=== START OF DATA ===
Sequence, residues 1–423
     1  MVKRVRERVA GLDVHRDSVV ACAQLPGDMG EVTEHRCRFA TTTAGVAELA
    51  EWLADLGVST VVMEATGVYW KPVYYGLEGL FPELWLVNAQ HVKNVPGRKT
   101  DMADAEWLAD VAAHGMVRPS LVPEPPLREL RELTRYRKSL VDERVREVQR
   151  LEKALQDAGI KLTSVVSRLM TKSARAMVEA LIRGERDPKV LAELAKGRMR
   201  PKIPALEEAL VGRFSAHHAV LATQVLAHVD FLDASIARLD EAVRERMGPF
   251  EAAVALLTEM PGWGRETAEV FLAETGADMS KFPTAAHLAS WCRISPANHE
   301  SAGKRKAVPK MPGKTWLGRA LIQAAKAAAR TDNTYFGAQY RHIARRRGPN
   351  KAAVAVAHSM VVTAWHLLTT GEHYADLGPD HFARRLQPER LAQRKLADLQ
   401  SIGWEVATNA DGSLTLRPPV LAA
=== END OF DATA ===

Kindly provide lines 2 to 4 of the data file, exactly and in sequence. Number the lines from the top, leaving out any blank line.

     1  MVKRVRERVA GLDVHRDSVV ACAQLPGDMG EVTEHRCRFA TTTAGVAELA
    51  EWLADLGVST VVMEATGVYW KPVYYGLEGL FPELWLVNAQ HVKNVPGRKT
   101  DMADAEWLAD VAAHGMVRPS LVPEPPLREL RELTRYRKSL VDERVREVQR